Third Tableau





Twenty Years After.



Son. Father, decide; we must leave Paris. Work is slack, and

everything is dear.



Father. My son, you do not know how hard it is to leave the place

where we were born.



Son. The worst of all things is to die there of misery.



Father. Go, my son, and seek a more hospitable country. For myself, I

will not leave the grave where your mother, sisters and brothers lie. I

am eager to find, at last, near them, the rest which is denied me in

this city of desolation.



Son. Courage, dear father, we will find work elsewhere--in Poitou,

Normandy or Brittany. They say that the industry of Paris is gradually

transferring itself to those distant countries.



Father. It is very natural. Unable to sell us wood and food, they

stopped producing more than they needed for themselves, and they

devoted their spare time and capital to making those things which we

formerly furnished them.



Son. Just as at Paris, they quit making handsome furniture and fine

clothes, in order to plant trees, and raise hogs and cows. Though quite

young, I have seen vast storehouses, sumptuous buildings, and quays

thronged with life on those banks of the Seine which are now given up to

meadows and forests.



Father. While the provinces are filling up with cities, Paris becomes

country. What a frightful revolution! Three mistaken Aldermen, aided by

public ignorance, have brought down on us this terrible calamity.



Son. Tell me this story, my father.



Father. It is very simple. Under the pretext of establishing three new

trades at Paris, and of thus supplying labor to the workmen, these men

secured the prohibition of wood, butter, and meats. They assumed the

right of supplying their fellow-citizens with them. These articles rose

immediately to an exorbitant price. Nobody made enough to buy them, and

the few who could procure them by using up all they made were unable to

buy anything else; consequently all branches of industry stopped at

once--all the more so because the provinces no longer offered a market.

Misery, death, and emigration began to depopulate Paris.



Son. When will this stop?



Father. When Paris has become a meadow and a forest.



Son. The three Aldermen must have made a great fortune.



Father. At first they made immense profits, but at length they were

involved in the common misery.



Son. How was that possible?



Father. You see this ruin; it was a magnificent house, surrounded by a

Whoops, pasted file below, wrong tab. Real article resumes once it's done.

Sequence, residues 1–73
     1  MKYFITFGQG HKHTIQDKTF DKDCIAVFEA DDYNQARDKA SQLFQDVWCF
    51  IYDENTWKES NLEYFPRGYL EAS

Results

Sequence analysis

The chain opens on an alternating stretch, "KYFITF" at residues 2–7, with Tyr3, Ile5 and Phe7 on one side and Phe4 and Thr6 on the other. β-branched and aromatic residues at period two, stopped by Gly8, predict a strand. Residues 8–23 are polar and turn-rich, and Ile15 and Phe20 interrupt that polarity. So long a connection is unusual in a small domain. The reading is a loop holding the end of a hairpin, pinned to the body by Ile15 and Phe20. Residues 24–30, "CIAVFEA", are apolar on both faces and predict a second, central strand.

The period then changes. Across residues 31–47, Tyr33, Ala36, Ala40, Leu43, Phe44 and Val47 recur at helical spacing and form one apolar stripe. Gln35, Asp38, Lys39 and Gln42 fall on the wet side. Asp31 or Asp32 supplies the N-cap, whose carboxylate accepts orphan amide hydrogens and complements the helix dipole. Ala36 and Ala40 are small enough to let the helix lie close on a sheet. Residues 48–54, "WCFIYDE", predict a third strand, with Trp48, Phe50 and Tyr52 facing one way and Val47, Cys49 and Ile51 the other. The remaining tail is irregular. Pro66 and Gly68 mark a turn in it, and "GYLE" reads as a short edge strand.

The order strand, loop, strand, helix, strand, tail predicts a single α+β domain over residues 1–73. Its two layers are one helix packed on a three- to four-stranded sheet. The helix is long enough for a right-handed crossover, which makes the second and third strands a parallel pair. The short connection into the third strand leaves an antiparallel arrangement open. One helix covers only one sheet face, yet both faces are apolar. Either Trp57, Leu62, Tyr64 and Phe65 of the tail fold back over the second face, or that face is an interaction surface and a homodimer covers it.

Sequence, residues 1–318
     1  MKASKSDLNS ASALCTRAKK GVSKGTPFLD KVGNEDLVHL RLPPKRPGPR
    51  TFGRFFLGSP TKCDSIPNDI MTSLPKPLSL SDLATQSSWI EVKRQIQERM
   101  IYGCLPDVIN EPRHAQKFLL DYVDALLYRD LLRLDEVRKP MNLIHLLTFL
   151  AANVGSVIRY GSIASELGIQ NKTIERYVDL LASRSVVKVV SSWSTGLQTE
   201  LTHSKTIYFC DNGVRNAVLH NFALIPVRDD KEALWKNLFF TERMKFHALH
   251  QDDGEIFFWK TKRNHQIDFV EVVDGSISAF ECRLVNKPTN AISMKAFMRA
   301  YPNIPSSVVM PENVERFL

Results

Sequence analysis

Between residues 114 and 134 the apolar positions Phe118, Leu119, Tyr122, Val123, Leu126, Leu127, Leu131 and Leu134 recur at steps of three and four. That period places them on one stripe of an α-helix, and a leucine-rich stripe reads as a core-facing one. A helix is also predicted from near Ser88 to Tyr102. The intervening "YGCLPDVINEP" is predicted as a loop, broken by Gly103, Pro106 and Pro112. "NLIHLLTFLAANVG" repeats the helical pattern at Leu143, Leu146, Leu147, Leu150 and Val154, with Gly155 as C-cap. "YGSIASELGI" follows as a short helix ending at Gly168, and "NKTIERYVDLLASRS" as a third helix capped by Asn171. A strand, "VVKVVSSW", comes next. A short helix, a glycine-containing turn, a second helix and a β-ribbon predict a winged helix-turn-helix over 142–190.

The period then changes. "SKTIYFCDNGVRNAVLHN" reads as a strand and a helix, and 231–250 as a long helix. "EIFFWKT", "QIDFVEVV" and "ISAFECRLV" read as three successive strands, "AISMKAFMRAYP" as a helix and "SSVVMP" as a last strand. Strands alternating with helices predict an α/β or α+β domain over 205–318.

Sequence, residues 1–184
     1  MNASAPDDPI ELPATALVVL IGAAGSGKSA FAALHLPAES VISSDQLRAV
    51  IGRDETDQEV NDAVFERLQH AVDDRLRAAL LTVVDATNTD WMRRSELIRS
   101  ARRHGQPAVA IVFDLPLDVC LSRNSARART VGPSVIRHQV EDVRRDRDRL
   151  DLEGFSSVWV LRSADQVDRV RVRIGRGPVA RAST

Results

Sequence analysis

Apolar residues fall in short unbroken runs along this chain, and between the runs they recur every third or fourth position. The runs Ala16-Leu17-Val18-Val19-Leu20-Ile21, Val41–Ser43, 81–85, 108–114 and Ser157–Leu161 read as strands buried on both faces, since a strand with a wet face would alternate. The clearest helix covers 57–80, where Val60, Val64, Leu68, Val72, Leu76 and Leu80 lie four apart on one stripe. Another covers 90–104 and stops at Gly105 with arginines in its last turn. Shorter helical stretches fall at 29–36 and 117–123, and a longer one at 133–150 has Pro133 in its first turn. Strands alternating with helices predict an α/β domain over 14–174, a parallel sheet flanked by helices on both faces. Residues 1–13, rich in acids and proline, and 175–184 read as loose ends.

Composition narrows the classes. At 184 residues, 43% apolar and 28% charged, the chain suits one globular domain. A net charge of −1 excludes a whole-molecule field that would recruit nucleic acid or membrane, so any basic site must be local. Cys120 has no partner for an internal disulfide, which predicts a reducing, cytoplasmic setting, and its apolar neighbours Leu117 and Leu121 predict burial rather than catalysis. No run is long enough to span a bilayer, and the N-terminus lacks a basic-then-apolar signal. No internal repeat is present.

fine park. If Paris had kept on advancing, Master Pierre would have got

more rent from it annually than the whole thing is now worth to him.



Son. How can that be, since he got rid of competition?



Father. Competition in selling has disappeared; but competition in

buying also disappears every day, and will keep on disappearing until

Paris is an open field, and Master Pierre's woodland will be worth no

more than an equal number of acres in the forest of Bondy. Thus, a

monopoly, like every species of injustice, brings its own punishment

upon itself.



Son. This does not seem very plain to me, but the decay of Paris is

undeniable. Is there, then, no means of repealing this unjust measure

that Pierre and his colleagues adopted twenty years ago?



Father. I will confide my secret to you. I will remain at Paris for

this purpose; I will call the people to my aid. It depends on them

whether they will replace the octroi on its old basis, and dismiss

from it this fatal principle, which is grafted on it, and has grown

there like a parasite fungus.



Son. You ought to succeed on the very first day.



Father. No; on the contrary, the work is a difficult and laborious

one. Pierre, Paul and Jean understand one another perfectly. They are

ready to do anything rather than allow the entrance of wood, butter and

meat into Paris. They even have on their side the people, who clearly

see the labor which these three protected branches of business give, who

know how many wood-choppers and cow-drivers it gives employment to, but

who cannot obtain so clear an idea of the labor that would spring up in

the free air of liberty.



Son. If this is all that is needed, you will enlighten them.



Father. My child, at your age, one doubts at nothing. If I wrote, the

people would not read; for all their time is occupied in supporting a

wretched existence. If I speak, the Aldermen will shut my mouth. The

people will, therefore, remain long in their fatal error; political

parties, which build their hopes on their passions, attempt to play upon

their prejudices, rather than to dispel them. I shall then have to deal

with the powers that be--the people and the parties. I see that a storm

will burst on the head of the audacious person who dares to rise against

an iniquity which is so firmly rooted in the country.



Son. You will have justice and truth on your side.



Father. And they will have force and calumny. If I were only young!

But age and suffering have exhausted my strength.



Son. Well, father, devote all that you have left to the service of the

country. Begin this work of emancipation, and leave to me for an

inheritance the task of finishing it.





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